Daisy Carrington hates it when people question her food knowledge
You’d think a food critic would be thick skinned. I have an opinionated job. If I didn’t express my feelings about a restaurant, I’d be fired. Of course, for every opinion I share, I get 10 in response, and not always favourable at that. You’d think by now I’d be used to it, but I’m not, and I’m not sure I ever will be.
So what is it that makes me so sensitive to feedback? I’m not so bothered if it’s constructive, but if a friend, family member or reader for suggests that I don’t know my stuff, at least where food’s concerned, I get riled. Last Christmas, my dad yelled at me when I tried to take a lamb chop he was cooking out of the oven. As the man who taught me how to love food (and how to prepare it), he was understandably annoyed. ‘Damn it Daisy, I know how to cook!’ he fumed. I scowled and threw up my hands. I mean, it’s not like food is my job or anything (to my slight satisfaction, the lamb chop eventually came out dry and overcooked).
He really should have known better. He should have remembered my obsession, at the age of eight, with trying every type of offal (you know, brain, tongue, tripe), or how furious I became as a child when I would cook a meal only to find an adult sneaking in an ingredient when I wasn’t looking. It was evident that when I grew up, I’d think I always knew better when it came to food.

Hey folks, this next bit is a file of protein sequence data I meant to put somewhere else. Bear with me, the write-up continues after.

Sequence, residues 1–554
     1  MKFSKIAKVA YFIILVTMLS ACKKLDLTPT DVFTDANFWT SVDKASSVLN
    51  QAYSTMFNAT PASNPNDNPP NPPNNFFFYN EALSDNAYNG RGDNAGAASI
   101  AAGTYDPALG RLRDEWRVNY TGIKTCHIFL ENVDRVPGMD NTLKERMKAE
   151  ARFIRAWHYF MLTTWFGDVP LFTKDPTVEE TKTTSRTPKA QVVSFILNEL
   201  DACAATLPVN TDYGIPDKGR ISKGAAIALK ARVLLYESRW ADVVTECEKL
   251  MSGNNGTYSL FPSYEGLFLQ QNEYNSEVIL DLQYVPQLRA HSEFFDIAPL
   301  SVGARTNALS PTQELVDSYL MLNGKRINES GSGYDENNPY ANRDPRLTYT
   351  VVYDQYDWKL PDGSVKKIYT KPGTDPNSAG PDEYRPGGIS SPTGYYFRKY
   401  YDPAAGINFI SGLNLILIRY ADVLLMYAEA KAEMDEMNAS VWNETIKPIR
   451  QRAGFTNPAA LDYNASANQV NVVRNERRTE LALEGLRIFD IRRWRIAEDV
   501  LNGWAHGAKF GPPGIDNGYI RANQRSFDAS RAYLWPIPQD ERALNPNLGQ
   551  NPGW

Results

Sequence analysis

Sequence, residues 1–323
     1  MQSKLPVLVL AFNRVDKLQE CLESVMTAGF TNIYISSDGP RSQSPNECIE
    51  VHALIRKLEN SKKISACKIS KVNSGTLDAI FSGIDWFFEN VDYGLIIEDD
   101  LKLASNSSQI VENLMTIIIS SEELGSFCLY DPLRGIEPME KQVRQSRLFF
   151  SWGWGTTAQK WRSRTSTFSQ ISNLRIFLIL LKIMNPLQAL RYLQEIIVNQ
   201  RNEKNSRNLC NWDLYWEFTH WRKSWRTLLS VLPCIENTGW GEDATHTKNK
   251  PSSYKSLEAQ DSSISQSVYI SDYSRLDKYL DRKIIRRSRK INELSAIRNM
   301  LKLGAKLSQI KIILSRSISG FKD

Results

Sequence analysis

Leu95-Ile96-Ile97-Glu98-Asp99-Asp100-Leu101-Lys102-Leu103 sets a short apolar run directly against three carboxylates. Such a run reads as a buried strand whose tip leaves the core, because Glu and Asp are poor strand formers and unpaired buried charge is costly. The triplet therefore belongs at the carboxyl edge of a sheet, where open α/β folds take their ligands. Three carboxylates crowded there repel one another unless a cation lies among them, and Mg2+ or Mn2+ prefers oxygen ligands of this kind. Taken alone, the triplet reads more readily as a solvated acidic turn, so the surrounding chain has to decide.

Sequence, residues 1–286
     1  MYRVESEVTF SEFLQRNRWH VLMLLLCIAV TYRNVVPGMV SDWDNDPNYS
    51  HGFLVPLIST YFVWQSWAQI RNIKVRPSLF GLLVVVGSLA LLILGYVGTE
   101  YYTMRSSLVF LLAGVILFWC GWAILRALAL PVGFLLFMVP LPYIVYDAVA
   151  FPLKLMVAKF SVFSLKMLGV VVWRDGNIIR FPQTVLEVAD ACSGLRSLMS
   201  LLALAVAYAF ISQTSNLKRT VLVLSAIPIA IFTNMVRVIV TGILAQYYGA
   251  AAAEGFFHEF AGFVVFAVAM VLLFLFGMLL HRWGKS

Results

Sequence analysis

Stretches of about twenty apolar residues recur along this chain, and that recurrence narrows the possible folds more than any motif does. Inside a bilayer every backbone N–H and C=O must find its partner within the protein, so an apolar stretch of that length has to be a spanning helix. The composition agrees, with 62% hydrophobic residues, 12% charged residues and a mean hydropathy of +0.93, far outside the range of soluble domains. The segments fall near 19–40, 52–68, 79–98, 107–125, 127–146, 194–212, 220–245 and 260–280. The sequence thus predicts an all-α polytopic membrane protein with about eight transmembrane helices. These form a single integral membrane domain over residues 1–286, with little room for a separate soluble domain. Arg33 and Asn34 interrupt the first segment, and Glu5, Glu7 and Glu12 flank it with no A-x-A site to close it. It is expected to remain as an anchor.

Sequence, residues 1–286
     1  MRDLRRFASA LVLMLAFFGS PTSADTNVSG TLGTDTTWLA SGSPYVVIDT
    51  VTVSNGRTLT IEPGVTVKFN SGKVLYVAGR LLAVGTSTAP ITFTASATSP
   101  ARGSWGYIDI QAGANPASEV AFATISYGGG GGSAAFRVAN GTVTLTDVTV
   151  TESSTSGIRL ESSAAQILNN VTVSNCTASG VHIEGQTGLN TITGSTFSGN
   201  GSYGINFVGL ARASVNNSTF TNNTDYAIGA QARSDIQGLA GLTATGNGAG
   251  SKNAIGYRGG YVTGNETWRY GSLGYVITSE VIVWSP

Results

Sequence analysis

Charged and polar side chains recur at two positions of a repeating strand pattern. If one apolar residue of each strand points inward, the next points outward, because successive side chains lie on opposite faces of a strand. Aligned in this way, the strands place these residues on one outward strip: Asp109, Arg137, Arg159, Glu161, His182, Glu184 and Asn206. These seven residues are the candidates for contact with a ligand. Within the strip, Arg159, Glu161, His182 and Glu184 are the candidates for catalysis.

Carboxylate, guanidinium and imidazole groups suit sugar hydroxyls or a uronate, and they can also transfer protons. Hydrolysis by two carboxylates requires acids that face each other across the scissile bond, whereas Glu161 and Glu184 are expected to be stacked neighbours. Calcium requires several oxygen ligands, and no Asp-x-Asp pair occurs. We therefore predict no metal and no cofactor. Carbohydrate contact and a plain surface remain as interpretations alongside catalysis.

You see, I live for food. I wish I didn’t. I wish I could give up this obsession. I wish I didn’t spend 80 per cent of each day wondering what I should plan for my next meal, or continually deplete my savings buying fancy kitchen gadgets, or feel compelled to make Facebook updates about the exquisite Saudi peaches I discovered while shopping at Lulu’s hypermarket.
Last week I was supposed to be doing the laundry, but I passed a cookbook on the way to the washing machine and became engrossed in the recipes. An hour later, I realised I never loaded the machine; too enamoured was I with the list of ingredients in an Italian semi-fredo. It’s a passion, and it’s a burden. I’m Daisy Carrington, and I love food.
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Vick Lewis Jun 25, 2011 11:39 am
What does a food writer hope to accomplish here in Dubai. Its not just having an eccentric palate that counts but also a passion for produce and how its being produced. Sure, all the "value added" systems like ambiance, service ,etc constitute to a good dining experience but what tickles me is the vague description of the food here. I would appreciate it if someone enlightens the masses as to why my tiger prawns cost double in say Okku than in say Saladicious. Is the fillet mignon really beef or water buffalo?